Senior Democratic and Republican lawmakers presented dueling narratives on Wednesday as a U.S. congressional impeachment inquiry that threatens Donald Trump's tumultuous presidency entered a crucial new phase with the first public hearing.
Democrats leading the U.S. House of Representatives probe have summoned three U.S. diplomats – all of whom have previously expressed alarm in closed-door testimony about Trump's dealings with U.S. ally Ukraine – to detail their concerns under the glare of wall-to-wall news coverage this week. The public hearings are scheduled for Wednesday and Friday, Reuters said.
With a potential television audience of tens of millions looking on, Democratic Representative Adam Schiff, chairman of the House of Representatives Intelligence Committee, opened the historic session – the first impeachment spectacle in two decades – in an ornate hearing room packed with journalists, lawmakers and members of the public.
Schiff's accusations that Trump abused his power was met by a staunch denial by the panel's senior Republican, Devin Nunes, of the Republican president's complicity in a saga that revolves around whether Trump and his aides improperly pressured Ukraine to dig up dirt on a political rival for his political benefit.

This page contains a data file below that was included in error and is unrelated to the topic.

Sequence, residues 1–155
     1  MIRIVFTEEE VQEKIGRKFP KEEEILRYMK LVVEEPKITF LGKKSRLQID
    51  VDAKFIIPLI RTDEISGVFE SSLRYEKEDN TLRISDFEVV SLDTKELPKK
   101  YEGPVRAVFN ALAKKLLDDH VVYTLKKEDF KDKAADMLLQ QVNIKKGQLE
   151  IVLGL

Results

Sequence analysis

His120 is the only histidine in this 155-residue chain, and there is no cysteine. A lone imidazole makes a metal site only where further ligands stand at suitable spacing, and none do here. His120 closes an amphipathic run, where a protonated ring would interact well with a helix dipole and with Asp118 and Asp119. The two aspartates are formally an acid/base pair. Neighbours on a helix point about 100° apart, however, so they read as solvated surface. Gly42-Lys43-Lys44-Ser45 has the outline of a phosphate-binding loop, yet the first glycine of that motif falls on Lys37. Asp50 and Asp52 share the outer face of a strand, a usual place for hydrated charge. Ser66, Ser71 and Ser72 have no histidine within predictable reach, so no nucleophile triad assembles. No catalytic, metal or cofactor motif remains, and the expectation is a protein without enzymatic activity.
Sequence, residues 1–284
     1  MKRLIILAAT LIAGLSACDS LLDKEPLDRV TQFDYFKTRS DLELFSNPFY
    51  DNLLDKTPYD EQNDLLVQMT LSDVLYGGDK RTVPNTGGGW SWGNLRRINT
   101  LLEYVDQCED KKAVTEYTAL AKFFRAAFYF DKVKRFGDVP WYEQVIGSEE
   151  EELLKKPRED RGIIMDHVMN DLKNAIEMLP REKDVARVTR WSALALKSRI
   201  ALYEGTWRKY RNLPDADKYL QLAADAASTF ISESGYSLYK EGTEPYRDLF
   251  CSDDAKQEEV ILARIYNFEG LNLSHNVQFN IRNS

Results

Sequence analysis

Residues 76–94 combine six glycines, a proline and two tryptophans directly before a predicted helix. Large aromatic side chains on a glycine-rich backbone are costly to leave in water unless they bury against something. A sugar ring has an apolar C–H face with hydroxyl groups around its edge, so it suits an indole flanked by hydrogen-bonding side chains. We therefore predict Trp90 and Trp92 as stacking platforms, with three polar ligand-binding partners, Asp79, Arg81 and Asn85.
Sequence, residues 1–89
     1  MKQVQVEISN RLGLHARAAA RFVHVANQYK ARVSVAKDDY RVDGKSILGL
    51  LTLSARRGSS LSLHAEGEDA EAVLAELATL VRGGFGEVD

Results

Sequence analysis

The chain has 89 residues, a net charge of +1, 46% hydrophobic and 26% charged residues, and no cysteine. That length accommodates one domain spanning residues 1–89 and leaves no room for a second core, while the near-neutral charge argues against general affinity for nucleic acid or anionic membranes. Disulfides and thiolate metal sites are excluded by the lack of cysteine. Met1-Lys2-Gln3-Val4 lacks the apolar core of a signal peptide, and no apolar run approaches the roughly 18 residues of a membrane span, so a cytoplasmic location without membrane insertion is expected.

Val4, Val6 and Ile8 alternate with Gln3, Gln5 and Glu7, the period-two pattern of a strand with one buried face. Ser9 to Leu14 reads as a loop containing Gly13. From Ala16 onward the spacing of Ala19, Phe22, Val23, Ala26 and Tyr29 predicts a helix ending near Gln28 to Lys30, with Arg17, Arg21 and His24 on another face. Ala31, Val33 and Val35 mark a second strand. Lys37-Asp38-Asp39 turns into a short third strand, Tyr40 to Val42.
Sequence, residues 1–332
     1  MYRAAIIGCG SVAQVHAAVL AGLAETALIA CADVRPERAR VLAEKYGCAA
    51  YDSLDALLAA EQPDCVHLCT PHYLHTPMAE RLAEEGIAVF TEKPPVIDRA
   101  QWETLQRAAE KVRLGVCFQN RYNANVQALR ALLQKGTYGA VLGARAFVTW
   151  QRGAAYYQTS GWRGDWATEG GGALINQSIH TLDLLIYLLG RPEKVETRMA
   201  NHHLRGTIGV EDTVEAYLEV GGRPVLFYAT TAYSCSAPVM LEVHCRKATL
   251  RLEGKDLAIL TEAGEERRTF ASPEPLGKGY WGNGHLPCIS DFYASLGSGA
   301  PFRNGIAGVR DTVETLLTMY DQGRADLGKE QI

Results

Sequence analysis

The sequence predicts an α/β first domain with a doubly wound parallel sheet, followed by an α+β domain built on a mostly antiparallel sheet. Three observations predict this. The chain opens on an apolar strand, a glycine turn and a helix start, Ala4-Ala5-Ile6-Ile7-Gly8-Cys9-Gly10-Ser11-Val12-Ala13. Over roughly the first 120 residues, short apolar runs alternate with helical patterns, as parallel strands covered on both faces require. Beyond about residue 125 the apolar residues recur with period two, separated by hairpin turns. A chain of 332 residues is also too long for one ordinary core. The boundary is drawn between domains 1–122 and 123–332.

The day's two witnesses – William Taylor, the top U.S. diplomat in Ukraine, and George Kent, the deputy assistant secretary of state for European and Eurasian affairs – followed with opening statements echoing their earlier closed-door testimony about their alarm over efforts to get Ukraine to open an investigation of former Vice President Joe Biden, a leading contender for the Democratic nomination for the 2020 election.
"The questions presented by this impeachment inquiry are whether President Trump sought to exploit that ally's vulnerability and invite Ukraine's interference in our elections," Schiff said in his opening statement.
"Our answer to these questions will affect not only the future of this presidency, but the future of the presidency itself, and what kind of conduct or misconduct the American people may come to expect from their commander-in-chief," Schiff said.
Schiff added, "If this is not impeachable conduct, what is?"
This week's hearings, where Americans are hearing directly for the first time from people involved in events that sparked the congressional inquiry, may pave the way for the Democratic-led House to approve articles of impeachment – formal charges – against Trump.
That would lead to a trial in the Senate on whether to convict Trump of those charges and remove him from office. Republicans control the Senate and have shown little support for Trump's removal.